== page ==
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Episode #90: A Django Async Roadmap

Published Tues, Aug 7, 2018, recorded Thurs, Aug 2, 2018.

Sponsored by Digital Ocean: pythonbytes.fm/digitalocean

Brian #1: Reproducible Data Analysis in Jupyter

  • Amazing series of videos by Jake Vanderplas
  • Exploring a data set through visualization in a Jupyter notebook
  • There’s a lot of dense material there, from saving datasets to files, plotting in the notebook as opposed to outside in a separate window, using resampling, …

Michael #2: PySimpleGUI - For simple Python GUIs

  • Via Mike Barnett
  • Looking to take your Python code from the world of command lines and into the convenience of a GUI?
  • Have a Raspberry Pi with a touchscreen that's going to waste because you don't have the time to learn a GUI SDK?
  • Look no further, you've found your GUI package.
  • Based on tkinter
  • No dependencies (outside of Python itself): pip install PySimpleGUI
  • Python3 is required to run PySimpleGUI. It takes advantage of some Python3 features that do not translate well into Python2.
  • Looking to help? → Port to other graphic engines. Hook up the front-end interface to a backend other than tkinter. Qt, WxPython, etc.

Brian #3: Useful tricks you might not know about Git stash

  • git stash save - Stash the changes in a dirty working directory away
  • git stash apply - re-applies your changes after you do whatever you need to to your directory, like perhaps pull.
  • Lots of neat things to do with stash
    • you can add a message so the stashed content has a nice label
    • -u will include untracked files when saving.
    • git stash branch [HTML_REMOVED] stash@{1} will create a new branch with the latest stash, and then deletes the latest stash
    • Lots of other nice tricks in the article
  • See also: git-stash in git-scm book

Michael #4: A Django Async Roadmap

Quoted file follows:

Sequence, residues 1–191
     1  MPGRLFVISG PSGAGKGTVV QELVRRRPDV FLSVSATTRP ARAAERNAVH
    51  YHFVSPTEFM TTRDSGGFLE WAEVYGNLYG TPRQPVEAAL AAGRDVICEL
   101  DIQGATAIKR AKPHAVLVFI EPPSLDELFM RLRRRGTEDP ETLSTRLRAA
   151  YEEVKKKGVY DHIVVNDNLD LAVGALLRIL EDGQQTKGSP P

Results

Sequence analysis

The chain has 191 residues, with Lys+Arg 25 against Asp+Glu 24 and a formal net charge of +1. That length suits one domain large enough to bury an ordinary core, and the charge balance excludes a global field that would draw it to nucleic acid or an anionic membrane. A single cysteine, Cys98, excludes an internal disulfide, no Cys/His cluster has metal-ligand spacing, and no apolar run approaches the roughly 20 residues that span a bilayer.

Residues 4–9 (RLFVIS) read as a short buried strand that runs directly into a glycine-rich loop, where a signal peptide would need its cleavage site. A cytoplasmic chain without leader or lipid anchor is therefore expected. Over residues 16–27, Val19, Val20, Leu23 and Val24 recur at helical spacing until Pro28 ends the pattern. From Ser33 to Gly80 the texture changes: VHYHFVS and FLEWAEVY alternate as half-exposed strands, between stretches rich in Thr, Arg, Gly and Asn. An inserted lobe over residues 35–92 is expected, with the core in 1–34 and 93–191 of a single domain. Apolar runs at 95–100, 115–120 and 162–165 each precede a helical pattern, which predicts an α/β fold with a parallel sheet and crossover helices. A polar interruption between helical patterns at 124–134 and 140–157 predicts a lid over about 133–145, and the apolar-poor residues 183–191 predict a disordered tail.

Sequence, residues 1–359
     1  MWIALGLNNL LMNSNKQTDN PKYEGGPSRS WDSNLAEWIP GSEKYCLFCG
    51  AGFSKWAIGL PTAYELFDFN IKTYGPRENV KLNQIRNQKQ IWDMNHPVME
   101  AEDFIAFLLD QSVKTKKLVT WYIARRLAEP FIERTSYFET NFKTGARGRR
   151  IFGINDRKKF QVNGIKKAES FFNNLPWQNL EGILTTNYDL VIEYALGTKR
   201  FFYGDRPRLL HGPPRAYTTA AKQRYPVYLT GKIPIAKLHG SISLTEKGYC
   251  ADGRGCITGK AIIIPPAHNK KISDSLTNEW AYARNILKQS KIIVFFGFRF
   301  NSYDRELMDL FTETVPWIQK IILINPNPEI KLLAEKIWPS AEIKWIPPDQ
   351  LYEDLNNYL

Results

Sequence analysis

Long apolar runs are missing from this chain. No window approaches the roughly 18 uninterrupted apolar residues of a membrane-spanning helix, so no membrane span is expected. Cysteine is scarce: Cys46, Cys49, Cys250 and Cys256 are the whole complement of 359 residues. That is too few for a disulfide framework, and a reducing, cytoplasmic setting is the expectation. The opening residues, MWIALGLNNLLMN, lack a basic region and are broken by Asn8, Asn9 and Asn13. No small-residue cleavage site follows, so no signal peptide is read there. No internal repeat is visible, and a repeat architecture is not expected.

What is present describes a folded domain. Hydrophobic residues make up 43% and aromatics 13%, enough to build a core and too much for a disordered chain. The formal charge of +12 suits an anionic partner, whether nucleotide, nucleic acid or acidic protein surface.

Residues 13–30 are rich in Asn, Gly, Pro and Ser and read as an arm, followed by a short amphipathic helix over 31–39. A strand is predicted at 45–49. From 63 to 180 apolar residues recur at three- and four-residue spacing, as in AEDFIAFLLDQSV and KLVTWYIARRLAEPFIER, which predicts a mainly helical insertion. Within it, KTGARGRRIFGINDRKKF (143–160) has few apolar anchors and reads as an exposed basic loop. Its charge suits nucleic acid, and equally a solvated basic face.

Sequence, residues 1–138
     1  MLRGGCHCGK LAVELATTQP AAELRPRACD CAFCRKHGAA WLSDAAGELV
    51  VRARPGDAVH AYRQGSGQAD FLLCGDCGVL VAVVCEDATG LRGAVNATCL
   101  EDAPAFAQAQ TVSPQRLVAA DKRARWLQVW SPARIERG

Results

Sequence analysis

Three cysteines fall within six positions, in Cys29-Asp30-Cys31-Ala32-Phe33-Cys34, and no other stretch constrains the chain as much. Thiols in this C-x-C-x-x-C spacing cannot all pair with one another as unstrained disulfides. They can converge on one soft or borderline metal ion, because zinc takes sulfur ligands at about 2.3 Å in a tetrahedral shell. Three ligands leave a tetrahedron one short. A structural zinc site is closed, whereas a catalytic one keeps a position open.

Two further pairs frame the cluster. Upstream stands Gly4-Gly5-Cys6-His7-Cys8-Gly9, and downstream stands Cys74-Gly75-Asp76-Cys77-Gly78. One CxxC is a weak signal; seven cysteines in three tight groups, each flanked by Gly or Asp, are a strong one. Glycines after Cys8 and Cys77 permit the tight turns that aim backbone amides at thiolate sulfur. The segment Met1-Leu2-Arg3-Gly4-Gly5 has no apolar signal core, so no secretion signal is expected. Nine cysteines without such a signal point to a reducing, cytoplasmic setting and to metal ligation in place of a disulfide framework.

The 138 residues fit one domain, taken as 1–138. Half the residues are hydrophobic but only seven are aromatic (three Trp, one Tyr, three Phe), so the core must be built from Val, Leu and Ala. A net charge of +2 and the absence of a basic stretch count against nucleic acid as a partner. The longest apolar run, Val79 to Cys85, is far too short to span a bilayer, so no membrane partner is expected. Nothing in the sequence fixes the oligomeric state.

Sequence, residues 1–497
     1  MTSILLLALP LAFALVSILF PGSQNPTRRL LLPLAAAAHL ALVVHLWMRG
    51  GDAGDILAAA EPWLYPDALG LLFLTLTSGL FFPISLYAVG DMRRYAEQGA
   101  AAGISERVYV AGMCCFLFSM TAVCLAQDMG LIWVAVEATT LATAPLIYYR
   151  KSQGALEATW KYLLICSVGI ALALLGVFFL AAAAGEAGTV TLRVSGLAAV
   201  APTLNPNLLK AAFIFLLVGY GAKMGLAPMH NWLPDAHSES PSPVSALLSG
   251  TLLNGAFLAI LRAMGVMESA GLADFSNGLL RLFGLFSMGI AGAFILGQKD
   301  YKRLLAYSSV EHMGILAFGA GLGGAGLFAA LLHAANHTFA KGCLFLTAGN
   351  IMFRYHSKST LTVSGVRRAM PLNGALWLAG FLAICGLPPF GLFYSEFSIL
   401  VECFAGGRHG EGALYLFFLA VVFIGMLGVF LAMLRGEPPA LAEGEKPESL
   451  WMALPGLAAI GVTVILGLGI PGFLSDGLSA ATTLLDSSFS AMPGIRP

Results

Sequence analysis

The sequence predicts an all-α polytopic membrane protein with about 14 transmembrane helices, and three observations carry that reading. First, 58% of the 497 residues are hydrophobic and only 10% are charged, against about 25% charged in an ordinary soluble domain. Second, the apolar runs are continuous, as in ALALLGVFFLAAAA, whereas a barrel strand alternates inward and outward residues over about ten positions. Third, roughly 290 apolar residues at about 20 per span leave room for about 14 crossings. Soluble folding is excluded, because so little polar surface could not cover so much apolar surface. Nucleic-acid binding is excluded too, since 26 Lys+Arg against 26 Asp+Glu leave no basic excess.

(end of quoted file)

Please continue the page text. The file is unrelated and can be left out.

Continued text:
• via Andrew Godwin, from Django Channels
  • Thinks that the time has come to start talking seriously about bringing async functionality into Django itself
  • Open for public feedback
  • The goal is to make Django a world-class example of what async can enable for HTTP requests, such as:
    • Doing ORM queries in parallel
    • Allowing views to query external APIs without blocking threads
    • Running slow-response/long-poll endpoints alongside each other efficiently
    • Bringing easy performance improvements to any project that spends a majority of time blocking on databases or sockets (which is most projects!)
  • Imperative that we keep Django backwards-compatible with existing code
  • Why now? Django 2.1 will be the first release that only supports Python 3.5 and up, and so this provides us the perfect place to start working on async-native code

Brian #5: pydub

  • “Manipulate audio with a simple and easy high level interface”
  • Really clean use of operators.
    from pydub import AudioSegment 

    # also handles lots of other formats 
    song = AudioSegment.from_mp3("never_gonna_give_you_up.mp3") 

    # pydub does things in milliseconds 
    ten_seconds = 10 * 1000 
    first_10_seconds = song[:ten_seconds] 
    last_5_seconds = song[-5000:] 

    # boost volume by 6dB 
    beginning = first_10_seconds + 6 

    # reduce volume by 3dB 
    end = last_5_seconds - 3 

    # Concatenate audio (add one file to the end of another) 
    without_the_middle = beginning + end
  • also:
    • crossfade
    • repeat
    • fade
    • switch formats
    • add metadata tags
    • save with a specific bitrate

Michael #6: Molten: Modern API framework

  • molten is a minimal, extensible, fast and productive framework for building HTTP APIs with Python.
  • Heavy use of type annotations
  • Officially supports Python 3.6 and later
  • Request Validation: molten can automatically validate requests according to predefined schemas, ensuring that your handlers only ever run if given valid input
  • Dependency Injection: Write clean, decoupled code by leveraging DI.
  • Still experimental at this stage.